The Figured Wheel: New and Collected Poems, 1966-1996

The Figured Wheel: New and Collected Poems, 1966-1996

by Robert Pinsky

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Overview

The Figured Wheel: New and Collected Poems, 1966-1996 by Robert Pinsky

The Figured Wheel fully collects the first four books of poetry, as well as twenty-one new poems, by Robert Pinsky, the former U.S. Poet Laureate.

Critic Hugh Kenner, writing about Pinsky's first volume, described this poet's work as "nothing less than the recovery for language of a whole domain of mute and familiar experience." Both the transformation of the familiar and the uttering of what has been hitherto mute or implicit in our culture continue to be central to Pinsky's art. New poems like "Avenue" and "The City Elegies" envision the urban landscape's mysterious epitome of human pain and imagination, forces that recur in "Ginza Samba," an astonishing history of the saxophone, and "Impossible to Tell," a jazz-like work that intertwines elegy with both the Japanese custom of linking-poems and the American tradition of ethnic jokes. A final section of translations includes Pinsky's renderings of poems by Czeslaw Milosz, Paul Celan, and others, as well as the last canto of his award-winning version of the Inferno.

Product Details

ISBN-13: 9780374525064
Publisher: Farrar, Strauss & Giroux-3pl
Publication date: 04/28/1997
Pages: 320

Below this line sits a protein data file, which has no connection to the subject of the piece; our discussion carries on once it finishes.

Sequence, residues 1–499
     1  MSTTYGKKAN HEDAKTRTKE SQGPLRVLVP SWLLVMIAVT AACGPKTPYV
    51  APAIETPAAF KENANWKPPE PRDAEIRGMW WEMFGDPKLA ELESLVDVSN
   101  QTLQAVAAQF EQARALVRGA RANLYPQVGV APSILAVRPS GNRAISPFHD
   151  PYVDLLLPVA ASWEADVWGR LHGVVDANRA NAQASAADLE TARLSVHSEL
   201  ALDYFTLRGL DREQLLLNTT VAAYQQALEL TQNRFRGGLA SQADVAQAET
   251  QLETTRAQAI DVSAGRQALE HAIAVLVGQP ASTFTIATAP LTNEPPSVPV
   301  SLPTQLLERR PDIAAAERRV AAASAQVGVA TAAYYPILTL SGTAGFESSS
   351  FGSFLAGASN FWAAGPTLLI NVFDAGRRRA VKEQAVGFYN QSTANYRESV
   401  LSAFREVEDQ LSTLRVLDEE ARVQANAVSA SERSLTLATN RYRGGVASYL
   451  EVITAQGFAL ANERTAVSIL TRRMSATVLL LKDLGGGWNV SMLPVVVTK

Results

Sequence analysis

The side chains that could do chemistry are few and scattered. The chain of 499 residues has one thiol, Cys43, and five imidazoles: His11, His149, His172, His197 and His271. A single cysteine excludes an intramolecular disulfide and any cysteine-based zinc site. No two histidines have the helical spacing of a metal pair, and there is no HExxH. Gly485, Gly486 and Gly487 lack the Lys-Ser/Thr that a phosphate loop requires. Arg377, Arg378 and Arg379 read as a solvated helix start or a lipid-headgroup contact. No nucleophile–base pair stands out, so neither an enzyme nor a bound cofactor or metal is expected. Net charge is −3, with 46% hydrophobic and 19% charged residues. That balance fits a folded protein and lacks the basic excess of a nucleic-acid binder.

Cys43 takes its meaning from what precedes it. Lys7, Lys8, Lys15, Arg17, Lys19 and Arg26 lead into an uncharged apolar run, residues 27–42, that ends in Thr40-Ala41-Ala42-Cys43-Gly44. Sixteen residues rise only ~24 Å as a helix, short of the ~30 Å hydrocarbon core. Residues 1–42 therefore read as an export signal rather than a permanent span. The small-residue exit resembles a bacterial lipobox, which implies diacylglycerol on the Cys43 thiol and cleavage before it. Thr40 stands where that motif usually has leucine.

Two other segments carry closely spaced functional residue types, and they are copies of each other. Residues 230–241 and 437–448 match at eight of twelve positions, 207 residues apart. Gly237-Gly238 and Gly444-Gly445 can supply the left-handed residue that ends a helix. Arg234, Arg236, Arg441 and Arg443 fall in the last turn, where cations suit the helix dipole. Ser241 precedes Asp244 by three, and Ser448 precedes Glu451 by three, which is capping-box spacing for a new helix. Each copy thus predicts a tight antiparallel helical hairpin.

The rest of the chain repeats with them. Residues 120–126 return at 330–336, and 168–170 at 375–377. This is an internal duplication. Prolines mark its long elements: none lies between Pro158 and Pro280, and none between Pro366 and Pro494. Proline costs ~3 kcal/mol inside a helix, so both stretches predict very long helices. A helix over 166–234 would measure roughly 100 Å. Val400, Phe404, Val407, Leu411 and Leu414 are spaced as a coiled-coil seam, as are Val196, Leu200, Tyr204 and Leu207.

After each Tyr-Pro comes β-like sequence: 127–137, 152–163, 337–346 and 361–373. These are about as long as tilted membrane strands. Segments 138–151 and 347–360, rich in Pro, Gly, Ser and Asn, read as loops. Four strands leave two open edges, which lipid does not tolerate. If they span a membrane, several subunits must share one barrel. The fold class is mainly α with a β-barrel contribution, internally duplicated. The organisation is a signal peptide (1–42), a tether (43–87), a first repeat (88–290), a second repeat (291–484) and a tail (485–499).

Sales rank: 1,335,065
Product dimensions: 6.00(w) x 9.00(h) x 0.72(d)

About the Author

A former Poet Laureate of the United States, Robert Pinsky was born and raised in Long Branch, New Jersey. In addition to his books of poetry and The Inferno of Dante, he has written prose works, including The Life of David and The Sounds of Poetry.

Read an Excerpt




Chapter One

    THE CITY DARK


In the early winter dusk the broken city dark
Seeps from the tunnels. Up towers and in gusty alleys,


The mathematical veil of generation has lit its torches
To light the rooms of the mated and unmated: the two


Fated behind you and four behind them in the matrix
Widening into the past, eight, sixteen, thirty-two,


Many as the crystal dream cells illuminating the city.
Even for those who sleep in the street there are lights.


Like a heavy winter sleep the long flint cold of the past
Spreads over the glinting dream-blisters of the city, asleep


Or awake, as if the streets were an image of the channels
Of time, with sixty-four, one hundred and twenty-eight,


The ancestral net of thousands only a couple of centuries back,
With its migrations and fortunes and hungers like an image


Of the city where the star-dispelling lights have climbed
And multiplied over the tenements and outlying suburbs


Like a far past of multitudes behind us in the glistering web
Of strands crossing, thousands and tens of thousands


Of lives coupled with their gains, passions, misfortunes.
Somewhere in the tangled alleyways, a rape. Somewhere


A spirit diffused winglike, blindalong the stretched wires
Branching the dark city air or bundled under the streets,


Coursing surely to some one face like an ancient song Do re,
Re la sol sol
. Somewhere diaspora, somewhere


Back here one died of starvation, here one thrived. Descendant,
The bitter city work and the shimmering maternal burden


Of music uncoil outward on the avenues through smoky bars,
By televisions, beyond sleepers while the oblivion of generation


Radiates backward and then forward homeward to the one voice
Or face like an underground pool, through its delicate lightshaft


Moonlit, a cistern of light, echoing in a chamber cellared under
The dark of the city pavement, the faintly glittering slabs.

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